Contact Us Today
Office LocationKamerow Law Firm, PLLC
5001 Seminary Road, Suite 110
Alexandria, VA 22311
If you’ve never heard the term “Gun Trust”, then you aren’t alone. A gun trust is a trust that is specially created for firearms ownership. Usually, the creation of a gun trust is used for weapons that are under the strict regulations of federal and state agencies, but they may hold any weapon.
Types of weapons to Hold in a Trust
Quite often, weapons that are held in gun trusts are regulated by two federal laws: The National Firearms Act of 1934 (NFA) and its revision, and Title II of the Gun Control Act of 1968. These weapons are referred to as NFA or Title II firearms. These weapons include machine guns, short-barreled rifles, short barreled and sawed-off shotguns, silencers, grenades, and more.
The weapons regulated by these two acts must have a serial number and be registered with the ATF. If the weapon isn’t already registered, it is illegal to own and cannot be registered. These weapons can only be possessed and used by the registered owner, and if you wish to transfer ownership, the ATF must approve. Transfer of the property is also subject to a $200 tax.
Why form a Gun Trust?
Many people feel that a typical living trust document will be sufficient when leaving an NFA weapon to their beneficiaries but utilizing a gun trust is much more advantageous. Some of these advantages include:
- More than one person may be named as trustee. If you name multiple people as trustee, then each person will have the right to own and use the firearms or weapon in question.
- Avoiding transfer requirements. As stated above, if you wish to transfer ownership of the gun, you must be approved by the ATF as well as pay a $200 tax to do so. When you utilize a gun trust, you can arrange for it to remain in effect indefinitely. This arrangement means that each person named as trustee will retain their ownership status as co-owners and avoid the transfer process and tax.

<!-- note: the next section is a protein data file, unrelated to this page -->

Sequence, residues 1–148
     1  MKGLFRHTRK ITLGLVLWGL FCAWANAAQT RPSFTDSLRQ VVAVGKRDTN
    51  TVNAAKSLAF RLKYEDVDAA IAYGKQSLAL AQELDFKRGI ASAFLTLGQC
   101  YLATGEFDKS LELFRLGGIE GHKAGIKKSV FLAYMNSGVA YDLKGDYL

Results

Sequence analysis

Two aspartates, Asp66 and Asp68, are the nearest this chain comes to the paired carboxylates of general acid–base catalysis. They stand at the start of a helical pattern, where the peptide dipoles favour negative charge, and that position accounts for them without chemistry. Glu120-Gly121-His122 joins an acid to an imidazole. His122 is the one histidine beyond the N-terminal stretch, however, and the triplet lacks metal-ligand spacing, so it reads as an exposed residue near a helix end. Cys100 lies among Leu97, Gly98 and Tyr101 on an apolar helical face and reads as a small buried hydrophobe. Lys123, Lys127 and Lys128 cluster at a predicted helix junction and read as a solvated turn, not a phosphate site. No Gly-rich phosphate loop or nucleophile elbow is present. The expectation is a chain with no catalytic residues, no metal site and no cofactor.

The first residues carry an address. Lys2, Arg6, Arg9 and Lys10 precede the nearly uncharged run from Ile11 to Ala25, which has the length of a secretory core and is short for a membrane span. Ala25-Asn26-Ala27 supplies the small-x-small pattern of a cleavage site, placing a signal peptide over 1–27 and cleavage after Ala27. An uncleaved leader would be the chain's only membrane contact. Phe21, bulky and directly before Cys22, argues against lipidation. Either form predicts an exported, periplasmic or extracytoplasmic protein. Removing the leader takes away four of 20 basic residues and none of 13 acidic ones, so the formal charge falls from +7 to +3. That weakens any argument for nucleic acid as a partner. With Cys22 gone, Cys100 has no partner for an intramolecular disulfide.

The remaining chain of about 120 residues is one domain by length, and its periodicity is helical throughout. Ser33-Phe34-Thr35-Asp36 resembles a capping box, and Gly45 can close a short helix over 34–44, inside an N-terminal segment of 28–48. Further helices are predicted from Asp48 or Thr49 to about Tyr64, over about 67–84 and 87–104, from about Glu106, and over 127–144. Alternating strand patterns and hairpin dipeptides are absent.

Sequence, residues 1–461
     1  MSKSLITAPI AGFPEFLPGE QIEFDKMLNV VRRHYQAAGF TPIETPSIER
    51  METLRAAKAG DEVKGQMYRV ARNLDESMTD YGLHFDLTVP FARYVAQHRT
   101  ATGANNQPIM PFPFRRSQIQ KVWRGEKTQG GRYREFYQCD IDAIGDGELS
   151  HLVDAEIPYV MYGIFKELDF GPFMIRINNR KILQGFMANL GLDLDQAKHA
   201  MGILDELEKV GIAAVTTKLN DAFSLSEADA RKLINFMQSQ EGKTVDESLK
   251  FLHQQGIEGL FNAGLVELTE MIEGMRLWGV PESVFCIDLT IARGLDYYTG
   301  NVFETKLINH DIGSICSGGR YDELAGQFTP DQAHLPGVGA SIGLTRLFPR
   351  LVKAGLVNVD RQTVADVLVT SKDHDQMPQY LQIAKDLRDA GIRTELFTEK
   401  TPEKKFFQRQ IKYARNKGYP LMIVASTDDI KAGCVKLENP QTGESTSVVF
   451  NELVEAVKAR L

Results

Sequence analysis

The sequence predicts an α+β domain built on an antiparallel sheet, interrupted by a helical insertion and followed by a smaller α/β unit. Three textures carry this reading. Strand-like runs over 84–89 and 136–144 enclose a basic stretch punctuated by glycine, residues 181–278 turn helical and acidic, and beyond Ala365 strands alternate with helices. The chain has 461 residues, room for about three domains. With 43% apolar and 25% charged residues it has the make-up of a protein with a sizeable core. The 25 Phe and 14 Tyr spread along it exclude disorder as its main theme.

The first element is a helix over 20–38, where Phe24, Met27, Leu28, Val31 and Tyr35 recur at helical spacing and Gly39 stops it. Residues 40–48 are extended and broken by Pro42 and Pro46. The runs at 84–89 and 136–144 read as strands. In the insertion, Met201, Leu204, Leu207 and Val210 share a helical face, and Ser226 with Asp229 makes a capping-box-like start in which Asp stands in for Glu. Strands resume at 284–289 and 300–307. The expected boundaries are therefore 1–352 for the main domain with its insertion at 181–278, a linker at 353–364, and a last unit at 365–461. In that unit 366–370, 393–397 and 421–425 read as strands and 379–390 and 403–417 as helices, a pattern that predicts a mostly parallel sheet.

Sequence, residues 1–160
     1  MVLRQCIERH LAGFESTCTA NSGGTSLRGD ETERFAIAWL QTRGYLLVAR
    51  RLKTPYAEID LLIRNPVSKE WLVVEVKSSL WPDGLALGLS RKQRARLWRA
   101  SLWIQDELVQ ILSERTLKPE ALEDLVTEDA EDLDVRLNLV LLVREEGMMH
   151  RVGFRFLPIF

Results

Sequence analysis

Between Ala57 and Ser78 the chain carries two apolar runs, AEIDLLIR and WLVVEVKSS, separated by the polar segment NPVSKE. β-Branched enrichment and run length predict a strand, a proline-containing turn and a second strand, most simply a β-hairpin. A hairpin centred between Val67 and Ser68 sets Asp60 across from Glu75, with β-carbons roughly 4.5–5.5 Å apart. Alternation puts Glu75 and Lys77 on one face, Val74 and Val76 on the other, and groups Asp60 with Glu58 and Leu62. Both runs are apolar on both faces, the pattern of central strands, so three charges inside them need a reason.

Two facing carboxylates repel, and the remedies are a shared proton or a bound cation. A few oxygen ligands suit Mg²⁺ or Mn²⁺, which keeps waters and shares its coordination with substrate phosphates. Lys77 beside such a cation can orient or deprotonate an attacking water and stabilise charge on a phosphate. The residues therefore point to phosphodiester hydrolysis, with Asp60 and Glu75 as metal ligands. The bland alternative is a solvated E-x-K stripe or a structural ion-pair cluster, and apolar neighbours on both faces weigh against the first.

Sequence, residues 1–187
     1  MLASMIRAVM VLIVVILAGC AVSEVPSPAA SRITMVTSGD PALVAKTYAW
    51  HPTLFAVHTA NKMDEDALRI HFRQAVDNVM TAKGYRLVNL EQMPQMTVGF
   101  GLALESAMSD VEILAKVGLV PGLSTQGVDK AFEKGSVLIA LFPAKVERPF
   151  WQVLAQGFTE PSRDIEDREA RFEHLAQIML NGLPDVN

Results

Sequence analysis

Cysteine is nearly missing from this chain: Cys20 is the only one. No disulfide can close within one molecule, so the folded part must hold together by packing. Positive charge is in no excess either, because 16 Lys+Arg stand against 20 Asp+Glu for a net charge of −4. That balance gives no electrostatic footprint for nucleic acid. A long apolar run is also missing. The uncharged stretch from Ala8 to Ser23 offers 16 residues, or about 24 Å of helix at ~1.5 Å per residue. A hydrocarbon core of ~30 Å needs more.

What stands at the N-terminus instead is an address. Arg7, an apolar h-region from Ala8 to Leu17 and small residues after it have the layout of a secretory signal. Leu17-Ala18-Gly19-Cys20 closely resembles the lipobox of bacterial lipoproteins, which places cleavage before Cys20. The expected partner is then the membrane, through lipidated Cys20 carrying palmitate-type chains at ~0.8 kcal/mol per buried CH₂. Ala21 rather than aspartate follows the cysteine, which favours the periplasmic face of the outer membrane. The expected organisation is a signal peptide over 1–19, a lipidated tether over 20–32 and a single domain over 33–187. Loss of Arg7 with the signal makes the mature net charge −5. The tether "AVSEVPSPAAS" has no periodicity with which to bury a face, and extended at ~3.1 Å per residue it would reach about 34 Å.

- Benefit your executor. Forming a gun trust will be beneficial to the executor of your estate especially if they are not familiar with the many rules and regulations surrounding the transfer of NFA weapons. When a trust is in effect, the executor is not involved, only the trustee(s).
- Avoid Probate. Trusts are not subject to probate.
Writing a Gun Trust
Hiring an attorney who has experience in this field of law is the best course of action to protect your estate and your heirs. If you are in the Alexandria VA area and need to form a gun trust for your NFA weapons, contact the Kamerow Law Firm today. Our attorneys understand the complexities of estate planning and how to protect best your interests, beneficiaries, and property. Call us at 703-370-8088 or fill out the online contact form on our website and someone will schedule your free initial consultation where we can discuss your specific situation.